‘The Boy and the Heron’ Is So Personal, Hayao Miyazaki Needed a Year to Grieve Before Pivoting in a New Direction

When Hayao Miyazaki pitched “The Boy and the Heron” (GKids, now in select L.A. and NYC theaters) to Studio Ghibli co-founder/producer Toshio Suzuki in 2016, he asked permission to make the story about himself. This took Suzuki — his friend of nearly 40 years at the time — by surprise; the legendary anime director isn’t known for getting so personal. And yet this aligned perfectly with the notion that Ghibli films are devoted to reliving memories.

“I agree that it is Miyazaki’s most personal film because he actually told me,” Suzuki told IndieWire over Zoom through an interpreter. Not only is “The Boy and the Heron” inspired by Miyazaki’s childhood (he endured the firebombing of Japan during World War II and his father was director of the family’s aircraft manufacturing factory), but also his career at Ghibli with his two closest friends: the late studio co-founder/director Isao Takahata (“Grave of the Fireflies”) and Suzuki.

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“Miyazaki is Mahito [the 12-year-old protagonist voiced by Luca Padovan in the English-language version], Takahata is the great uncle [voiced by Mark Hamill], and the gray heron [voiced by Robert Pattinson] is me,” Suzuki added. “So I asked him why. He said [Takahata] discovered his talent and added him to the staff. I think Takahata san was the one who helped him develop his ability. On the other hand, the relationship between the boy and the [heron] is a relationship where they don’t give in to each other, push and pull.”

Collectively, it’s a lot to unpack: Miyazaki came out of retirement for the second time after “The Wind Rises” (2013) to make his 12th feature — the semi-autobiographical, hand-drawn fantasy for his grandchildren. It’s about destruction, loss, and rebuilding a better future through imagination, inspired by the novel he adored as a child (“How Do You Live?”).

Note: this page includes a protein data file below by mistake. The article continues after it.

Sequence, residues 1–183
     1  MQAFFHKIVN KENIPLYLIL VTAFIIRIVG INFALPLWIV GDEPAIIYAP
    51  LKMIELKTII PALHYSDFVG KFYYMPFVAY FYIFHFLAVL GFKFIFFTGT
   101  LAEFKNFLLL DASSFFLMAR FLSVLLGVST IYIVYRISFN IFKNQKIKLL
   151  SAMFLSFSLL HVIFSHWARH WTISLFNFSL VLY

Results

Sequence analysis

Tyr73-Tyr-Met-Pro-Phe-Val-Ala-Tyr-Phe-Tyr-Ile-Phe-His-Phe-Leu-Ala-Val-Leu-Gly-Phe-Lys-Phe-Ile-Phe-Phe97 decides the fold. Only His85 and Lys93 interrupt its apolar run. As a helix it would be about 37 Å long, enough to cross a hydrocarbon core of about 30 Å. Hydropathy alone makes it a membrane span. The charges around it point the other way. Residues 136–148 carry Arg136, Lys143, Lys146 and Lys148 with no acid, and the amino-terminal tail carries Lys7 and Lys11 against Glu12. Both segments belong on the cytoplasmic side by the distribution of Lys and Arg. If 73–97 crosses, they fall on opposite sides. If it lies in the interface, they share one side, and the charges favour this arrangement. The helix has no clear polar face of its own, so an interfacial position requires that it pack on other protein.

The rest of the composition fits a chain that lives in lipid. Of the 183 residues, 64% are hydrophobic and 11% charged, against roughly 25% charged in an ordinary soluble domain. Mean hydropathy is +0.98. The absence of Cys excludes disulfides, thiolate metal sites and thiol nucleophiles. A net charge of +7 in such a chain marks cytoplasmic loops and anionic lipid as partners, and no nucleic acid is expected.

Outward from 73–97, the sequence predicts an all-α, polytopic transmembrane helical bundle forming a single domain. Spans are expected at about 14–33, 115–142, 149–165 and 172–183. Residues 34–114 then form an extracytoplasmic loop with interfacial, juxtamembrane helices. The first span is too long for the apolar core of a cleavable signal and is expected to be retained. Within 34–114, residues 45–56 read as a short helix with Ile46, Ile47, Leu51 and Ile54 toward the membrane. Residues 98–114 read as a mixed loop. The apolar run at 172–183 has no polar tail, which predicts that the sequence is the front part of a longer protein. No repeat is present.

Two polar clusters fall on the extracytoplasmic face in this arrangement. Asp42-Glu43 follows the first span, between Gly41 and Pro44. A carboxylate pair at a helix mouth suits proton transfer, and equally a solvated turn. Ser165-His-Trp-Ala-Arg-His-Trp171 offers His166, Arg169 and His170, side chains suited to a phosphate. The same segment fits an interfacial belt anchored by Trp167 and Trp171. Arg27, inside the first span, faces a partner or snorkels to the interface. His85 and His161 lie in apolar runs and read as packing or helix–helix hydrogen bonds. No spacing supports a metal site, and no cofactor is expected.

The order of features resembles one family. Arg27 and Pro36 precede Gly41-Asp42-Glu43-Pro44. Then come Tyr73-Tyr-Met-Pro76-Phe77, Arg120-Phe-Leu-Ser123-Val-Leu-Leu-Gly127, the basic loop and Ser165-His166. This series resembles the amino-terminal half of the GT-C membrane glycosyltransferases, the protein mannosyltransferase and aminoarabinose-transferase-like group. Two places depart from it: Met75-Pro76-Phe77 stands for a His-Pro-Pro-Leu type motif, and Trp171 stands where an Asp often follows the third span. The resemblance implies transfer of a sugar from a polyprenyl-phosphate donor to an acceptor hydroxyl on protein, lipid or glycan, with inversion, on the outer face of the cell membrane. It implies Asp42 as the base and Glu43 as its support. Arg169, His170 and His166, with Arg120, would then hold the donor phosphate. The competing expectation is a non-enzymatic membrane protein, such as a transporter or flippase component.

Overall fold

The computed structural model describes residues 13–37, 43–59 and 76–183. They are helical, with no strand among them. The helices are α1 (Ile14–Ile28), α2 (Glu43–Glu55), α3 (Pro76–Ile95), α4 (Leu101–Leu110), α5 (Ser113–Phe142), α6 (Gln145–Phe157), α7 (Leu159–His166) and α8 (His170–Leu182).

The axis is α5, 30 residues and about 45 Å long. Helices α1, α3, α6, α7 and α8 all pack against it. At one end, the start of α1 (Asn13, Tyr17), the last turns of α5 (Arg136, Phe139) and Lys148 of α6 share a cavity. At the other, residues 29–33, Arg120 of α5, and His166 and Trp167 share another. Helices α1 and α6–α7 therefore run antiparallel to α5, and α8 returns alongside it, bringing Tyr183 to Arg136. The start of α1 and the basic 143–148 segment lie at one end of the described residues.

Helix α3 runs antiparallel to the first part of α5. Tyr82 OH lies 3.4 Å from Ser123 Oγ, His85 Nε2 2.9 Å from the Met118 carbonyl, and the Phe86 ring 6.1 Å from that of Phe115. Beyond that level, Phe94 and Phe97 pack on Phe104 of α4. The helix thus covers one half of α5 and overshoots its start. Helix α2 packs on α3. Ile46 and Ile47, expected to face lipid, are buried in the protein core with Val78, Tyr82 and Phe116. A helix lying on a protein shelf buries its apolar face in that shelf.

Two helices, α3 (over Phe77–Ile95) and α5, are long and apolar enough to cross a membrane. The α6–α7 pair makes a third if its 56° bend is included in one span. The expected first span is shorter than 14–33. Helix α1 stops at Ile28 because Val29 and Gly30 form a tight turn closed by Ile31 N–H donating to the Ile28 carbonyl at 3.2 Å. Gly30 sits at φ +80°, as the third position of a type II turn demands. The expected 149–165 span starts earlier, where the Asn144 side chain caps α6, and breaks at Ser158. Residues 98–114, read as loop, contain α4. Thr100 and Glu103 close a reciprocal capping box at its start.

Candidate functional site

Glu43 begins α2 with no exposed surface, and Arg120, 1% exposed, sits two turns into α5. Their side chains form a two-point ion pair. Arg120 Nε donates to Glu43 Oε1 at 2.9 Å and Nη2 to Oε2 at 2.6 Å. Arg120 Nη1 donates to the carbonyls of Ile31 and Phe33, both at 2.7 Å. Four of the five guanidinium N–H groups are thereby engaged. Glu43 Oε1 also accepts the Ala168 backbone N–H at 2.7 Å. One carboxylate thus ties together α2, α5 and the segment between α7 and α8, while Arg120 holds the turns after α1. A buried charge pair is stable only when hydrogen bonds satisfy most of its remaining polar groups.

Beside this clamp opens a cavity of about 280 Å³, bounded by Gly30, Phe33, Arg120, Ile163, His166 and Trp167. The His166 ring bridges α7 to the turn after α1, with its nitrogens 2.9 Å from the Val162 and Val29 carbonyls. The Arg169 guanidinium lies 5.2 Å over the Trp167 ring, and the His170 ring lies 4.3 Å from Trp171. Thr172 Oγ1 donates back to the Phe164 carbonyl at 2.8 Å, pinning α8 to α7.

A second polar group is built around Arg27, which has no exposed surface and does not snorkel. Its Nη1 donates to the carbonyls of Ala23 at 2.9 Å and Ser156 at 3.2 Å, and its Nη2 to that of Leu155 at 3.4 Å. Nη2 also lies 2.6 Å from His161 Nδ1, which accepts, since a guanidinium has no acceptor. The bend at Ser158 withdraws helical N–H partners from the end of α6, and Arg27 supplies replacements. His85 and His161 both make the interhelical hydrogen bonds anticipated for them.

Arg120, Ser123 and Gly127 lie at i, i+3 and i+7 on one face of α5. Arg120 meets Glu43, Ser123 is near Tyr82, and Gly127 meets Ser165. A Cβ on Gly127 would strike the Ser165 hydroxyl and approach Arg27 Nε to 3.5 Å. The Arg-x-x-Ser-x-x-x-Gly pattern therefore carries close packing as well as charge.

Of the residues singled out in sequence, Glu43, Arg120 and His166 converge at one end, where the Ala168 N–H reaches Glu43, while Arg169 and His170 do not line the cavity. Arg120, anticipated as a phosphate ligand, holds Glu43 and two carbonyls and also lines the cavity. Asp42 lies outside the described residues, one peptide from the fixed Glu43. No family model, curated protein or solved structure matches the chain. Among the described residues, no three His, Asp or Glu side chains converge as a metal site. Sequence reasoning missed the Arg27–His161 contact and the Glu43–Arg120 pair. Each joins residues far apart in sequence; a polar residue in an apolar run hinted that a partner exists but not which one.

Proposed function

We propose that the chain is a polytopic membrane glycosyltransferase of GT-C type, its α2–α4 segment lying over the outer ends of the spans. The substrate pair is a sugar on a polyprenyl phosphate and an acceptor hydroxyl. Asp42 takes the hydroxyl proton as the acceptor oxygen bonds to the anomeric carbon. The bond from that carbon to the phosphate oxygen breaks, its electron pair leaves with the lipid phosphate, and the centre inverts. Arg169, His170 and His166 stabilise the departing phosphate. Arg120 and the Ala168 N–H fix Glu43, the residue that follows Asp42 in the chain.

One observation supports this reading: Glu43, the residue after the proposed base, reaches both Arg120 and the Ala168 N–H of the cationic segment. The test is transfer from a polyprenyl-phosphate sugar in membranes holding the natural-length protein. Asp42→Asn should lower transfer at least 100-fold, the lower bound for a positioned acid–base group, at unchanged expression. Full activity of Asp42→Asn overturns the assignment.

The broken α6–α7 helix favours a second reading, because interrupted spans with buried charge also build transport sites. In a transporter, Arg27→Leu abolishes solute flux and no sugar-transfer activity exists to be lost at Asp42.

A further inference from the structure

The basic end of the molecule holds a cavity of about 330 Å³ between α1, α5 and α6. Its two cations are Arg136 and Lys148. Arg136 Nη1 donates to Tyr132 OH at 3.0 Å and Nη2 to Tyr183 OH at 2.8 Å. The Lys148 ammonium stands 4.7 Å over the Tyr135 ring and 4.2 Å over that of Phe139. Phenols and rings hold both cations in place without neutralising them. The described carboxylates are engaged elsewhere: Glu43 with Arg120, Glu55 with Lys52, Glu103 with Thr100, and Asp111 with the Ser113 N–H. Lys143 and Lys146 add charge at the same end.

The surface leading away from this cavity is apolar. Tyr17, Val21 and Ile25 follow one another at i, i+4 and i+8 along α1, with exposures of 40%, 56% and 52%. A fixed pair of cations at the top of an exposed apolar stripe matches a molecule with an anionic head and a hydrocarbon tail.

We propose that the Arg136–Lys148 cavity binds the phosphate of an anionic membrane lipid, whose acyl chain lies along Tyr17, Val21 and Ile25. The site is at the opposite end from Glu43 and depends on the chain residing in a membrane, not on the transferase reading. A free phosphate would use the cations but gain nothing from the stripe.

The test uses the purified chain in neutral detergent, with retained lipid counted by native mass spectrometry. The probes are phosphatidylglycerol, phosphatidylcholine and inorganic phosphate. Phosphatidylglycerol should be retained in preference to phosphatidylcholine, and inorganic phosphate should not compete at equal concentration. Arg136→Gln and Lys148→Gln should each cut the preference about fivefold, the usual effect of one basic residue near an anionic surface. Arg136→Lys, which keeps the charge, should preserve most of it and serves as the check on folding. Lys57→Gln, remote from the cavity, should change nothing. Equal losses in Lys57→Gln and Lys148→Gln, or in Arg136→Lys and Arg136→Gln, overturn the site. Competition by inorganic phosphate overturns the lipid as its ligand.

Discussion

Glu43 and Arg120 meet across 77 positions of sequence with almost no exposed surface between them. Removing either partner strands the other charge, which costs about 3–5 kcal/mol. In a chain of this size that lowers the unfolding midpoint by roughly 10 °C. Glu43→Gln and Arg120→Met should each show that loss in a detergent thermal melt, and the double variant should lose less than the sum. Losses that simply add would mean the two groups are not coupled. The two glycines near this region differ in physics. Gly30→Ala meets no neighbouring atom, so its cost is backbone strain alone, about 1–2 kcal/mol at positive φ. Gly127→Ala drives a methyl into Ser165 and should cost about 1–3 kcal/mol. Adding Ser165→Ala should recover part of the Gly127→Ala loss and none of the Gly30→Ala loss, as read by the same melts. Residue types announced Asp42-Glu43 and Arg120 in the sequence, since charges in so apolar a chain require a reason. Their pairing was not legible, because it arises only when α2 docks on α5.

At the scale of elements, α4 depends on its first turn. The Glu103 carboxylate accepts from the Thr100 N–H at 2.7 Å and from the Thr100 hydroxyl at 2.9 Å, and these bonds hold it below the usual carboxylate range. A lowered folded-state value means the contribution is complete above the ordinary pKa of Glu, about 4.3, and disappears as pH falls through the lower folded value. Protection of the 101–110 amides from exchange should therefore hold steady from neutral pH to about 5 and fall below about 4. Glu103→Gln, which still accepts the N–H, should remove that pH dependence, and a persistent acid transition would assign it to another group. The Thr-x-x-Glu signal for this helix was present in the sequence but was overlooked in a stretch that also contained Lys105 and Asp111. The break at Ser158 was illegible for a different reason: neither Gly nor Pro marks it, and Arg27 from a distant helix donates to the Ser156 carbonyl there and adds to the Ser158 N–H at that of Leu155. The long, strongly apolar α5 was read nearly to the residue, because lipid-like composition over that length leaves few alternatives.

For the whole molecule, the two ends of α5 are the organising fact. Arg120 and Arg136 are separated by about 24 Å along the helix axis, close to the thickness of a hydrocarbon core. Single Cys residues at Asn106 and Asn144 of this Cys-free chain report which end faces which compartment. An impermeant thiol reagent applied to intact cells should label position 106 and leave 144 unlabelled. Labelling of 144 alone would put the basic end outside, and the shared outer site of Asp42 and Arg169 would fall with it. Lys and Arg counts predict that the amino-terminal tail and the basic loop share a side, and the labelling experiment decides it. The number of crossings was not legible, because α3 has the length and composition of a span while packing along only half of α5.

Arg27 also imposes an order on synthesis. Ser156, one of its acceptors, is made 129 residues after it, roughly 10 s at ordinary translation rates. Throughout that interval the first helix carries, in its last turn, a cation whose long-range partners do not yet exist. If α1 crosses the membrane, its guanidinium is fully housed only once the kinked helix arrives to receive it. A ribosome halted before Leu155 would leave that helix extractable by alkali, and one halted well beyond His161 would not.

Mahito loses his mother in the firebombing of Japan and relocates to the countryside, where his father (voiced by Christian Bale), who runs an air munitions factory, marries his sister-in-law, Natsuko (voiced by Gemma Chan). Traumatized, angry, and confused, the boy encounters a talking heron (part bird, part man), who tells him that his mother is still alive and guides him to an alternate world in a magical tower shared by the living and the dead. There he encounters his great uncle, the architect of the tower, and reunites with both his mother (voiced by Karen Fukuhara) and Natsuko.

"The Boy and the Heron"
“The Boy and the Heron”Studio Ghibli

At first, Suzuki resisted green-lighting “The Boy and the Heron” because of Miyazaki’s age (he’s 82) and the great expense (it is arguably Japan’s most expensive film but has made the equivalent of nearly $80 million at the country’s box office). Yet Miyazaki wore down his resistance with his enthusiasm and impressive storyboarding. The film took seven years to complete, and Suzuki needed to hire some of Japan’s most talented animators outside of Ghibli to handle the task (including supervising animator Takeshi Honda of “Neon Genesis Evangelion” fame). With diminished stamina and failing eyesight, Miyazaki was unable to oversee the production in the same manner as when he was at the height of his creative powers and relied on Honda to draw, redraw, and review under close advisement.